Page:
September 26, 2012

Technology: America's Assembly Line

After the American Century

The assembly line will be 100 years old in 2013. The precise date will probably forever remain unknown, as the assembly line was not a self-conscious project. The managers at the Ford Motor Company did not explicitly set out to create it. Rather, a group of talented men, some machinists and some formally educated, some inexperienced enough to have new ideas and others seasoned veterans of many different industries, came together in a new industry that was growing explosively. Consumer demand for cars outstripped traditional methods of production. Cars were built up from the floor, much as wagons had been, and a factory with 1000 workers could scarcely produce 1000 cars in a year.

Ford had decided to focus on making an inexpensive car for as many customers as possible, so the old artisan methods clearly would not do. The company built a new factory at Highland Park in 1910, one that was designed to move parts right inside on railway cars and hoist them to wherever they were needed using overhead electric cranes. The new factory was not built specifically for the purpose of inventing the assembly line, but its management was quite open to experimentation. They began to subdivide work, and they discovered all sorts of small savings by adjusting the lighting, the height of tables, the positions of things, and anything else they could think of. 

The first work process that looked something like an assembly line put together just one part, the flywheel magneto, and this experiment apparently began about April 1, 2013. Apparently. no one used the phrase "assembly line" in that month. But one experiment led to another, and by the fall of that year the managers were trying out car assembly with a moving line of sorts. It was still experimental, but by then the goal had emerged.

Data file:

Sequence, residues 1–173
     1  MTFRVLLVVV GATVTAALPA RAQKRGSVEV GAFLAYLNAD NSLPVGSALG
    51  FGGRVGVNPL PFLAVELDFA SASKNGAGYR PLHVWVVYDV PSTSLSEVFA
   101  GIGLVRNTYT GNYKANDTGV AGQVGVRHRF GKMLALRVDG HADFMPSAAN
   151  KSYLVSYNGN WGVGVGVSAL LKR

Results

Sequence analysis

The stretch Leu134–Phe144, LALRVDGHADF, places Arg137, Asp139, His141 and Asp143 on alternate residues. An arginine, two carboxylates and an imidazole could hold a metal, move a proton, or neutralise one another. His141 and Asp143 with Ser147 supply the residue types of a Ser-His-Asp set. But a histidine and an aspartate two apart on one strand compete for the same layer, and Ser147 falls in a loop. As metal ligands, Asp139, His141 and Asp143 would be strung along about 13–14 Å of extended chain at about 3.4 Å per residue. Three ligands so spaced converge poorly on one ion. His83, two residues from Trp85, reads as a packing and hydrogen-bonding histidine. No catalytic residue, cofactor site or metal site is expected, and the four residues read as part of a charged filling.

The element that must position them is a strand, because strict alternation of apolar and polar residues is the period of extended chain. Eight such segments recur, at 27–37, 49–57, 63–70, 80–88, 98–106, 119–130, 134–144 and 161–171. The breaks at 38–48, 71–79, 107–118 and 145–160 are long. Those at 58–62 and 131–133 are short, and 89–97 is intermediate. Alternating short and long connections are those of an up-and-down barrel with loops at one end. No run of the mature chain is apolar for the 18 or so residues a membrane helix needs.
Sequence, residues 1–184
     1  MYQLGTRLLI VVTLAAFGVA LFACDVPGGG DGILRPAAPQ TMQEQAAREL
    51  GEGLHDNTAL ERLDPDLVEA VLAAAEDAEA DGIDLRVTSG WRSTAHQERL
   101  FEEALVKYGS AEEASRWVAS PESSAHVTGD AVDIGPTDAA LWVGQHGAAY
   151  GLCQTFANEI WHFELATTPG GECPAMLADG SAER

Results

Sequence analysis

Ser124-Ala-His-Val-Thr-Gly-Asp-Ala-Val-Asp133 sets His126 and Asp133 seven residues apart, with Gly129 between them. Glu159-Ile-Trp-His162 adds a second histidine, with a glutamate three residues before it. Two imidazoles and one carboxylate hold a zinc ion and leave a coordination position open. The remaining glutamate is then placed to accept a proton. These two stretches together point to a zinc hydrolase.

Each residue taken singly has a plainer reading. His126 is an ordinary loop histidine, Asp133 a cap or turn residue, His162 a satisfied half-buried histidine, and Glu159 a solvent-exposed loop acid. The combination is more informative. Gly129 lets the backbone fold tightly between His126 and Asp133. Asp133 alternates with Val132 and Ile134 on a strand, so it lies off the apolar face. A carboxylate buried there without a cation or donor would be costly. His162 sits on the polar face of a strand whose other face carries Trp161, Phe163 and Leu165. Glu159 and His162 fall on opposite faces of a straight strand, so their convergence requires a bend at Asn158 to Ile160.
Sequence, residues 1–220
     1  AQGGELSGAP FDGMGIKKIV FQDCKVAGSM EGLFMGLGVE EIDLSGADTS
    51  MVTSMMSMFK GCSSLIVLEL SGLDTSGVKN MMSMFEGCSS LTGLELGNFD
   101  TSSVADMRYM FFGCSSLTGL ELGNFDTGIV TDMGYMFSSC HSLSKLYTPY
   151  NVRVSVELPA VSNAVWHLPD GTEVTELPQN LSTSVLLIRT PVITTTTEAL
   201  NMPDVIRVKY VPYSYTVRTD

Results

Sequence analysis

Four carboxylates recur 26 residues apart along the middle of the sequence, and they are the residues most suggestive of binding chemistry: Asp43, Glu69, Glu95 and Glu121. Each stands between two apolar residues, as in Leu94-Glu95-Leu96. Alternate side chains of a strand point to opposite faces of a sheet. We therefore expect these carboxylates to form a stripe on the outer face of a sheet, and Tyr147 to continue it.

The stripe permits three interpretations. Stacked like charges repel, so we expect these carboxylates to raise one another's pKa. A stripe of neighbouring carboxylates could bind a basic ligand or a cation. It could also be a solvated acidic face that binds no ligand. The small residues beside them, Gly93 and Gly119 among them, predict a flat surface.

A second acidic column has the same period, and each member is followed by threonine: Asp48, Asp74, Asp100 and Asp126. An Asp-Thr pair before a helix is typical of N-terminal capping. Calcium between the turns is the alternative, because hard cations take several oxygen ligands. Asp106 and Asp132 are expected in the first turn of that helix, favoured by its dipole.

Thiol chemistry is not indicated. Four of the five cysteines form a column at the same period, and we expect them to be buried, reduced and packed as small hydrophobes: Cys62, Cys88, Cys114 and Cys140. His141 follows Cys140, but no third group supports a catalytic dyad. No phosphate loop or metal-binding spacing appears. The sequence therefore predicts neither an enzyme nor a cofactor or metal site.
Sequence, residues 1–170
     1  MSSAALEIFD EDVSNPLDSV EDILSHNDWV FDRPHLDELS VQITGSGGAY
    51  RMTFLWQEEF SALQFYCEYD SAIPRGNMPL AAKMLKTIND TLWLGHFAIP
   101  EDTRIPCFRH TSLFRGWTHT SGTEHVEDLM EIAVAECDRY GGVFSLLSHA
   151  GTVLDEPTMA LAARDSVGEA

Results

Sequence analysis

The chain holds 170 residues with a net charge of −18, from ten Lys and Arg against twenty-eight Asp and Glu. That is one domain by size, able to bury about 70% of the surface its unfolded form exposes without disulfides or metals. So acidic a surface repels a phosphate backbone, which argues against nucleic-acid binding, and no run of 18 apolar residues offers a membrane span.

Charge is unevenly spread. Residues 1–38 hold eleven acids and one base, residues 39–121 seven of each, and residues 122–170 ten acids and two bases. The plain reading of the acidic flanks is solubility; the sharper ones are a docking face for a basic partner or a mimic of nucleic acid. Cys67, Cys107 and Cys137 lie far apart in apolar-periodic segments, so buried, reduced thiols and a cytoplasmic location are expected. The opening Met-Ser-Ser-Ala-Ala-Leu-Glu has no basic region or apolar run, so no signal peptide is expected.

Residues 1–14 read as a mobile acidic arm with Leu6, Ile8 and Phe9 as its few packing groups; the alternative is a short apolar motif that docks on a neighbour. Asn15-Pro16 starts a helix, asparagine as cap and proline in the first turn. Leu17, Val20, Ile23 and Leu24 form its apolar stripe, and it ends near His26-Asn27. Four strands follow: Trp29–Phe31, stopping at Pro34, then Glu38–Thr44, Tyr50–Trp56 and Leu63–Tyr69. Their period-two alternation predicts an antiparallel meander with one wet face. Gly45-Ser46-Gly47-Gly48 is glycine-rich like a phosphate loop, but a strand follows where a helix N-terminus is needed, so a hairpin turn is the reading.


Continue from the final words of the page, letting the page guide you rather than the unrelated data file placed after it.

Since 1913 assembly lines have spread to all parts of the world, and made possible a consumer revolution. Not only could cars be made for less, but almost anything else as well, from toasters to refrigerators to lawnmowers to clothing to children's toys.

This was not a simple story of progress, however, for the assembly line could also be used to strip workers of their previous authority on the shop floor, to push workers to labor so hard it damaged their bodies and numbed their minds, and to reduce the number of workers needed, creating both unemployment and abundance at the same time. The assembly line was, paradoxically, celebrated by Lenin's Soviet Union, by Nazi Germany, and by the United States during the Cold War. More recently, it has been the central means of production in emerging economies, notably in China. 

For decades some engineers dreamed of automation, of robot assembly lines, of production without workers, which, depending on your scenario, led to leisure for all, or enormous profits for a few, or some combination of both,  In Japan after World War II, however, further development of Ford's original ideas led to lean production, which doubled productivity without recourse to robots or lots of automatic equipment. Then it was the Americans turn to play catch up, a task that became more complicated as computers also became central parts of production.

The social history of the assembly line is examined further in:

David E. Nye, America's Assembly Line   MIT Press
0262018713  978-0262018715
Kindle edition available.

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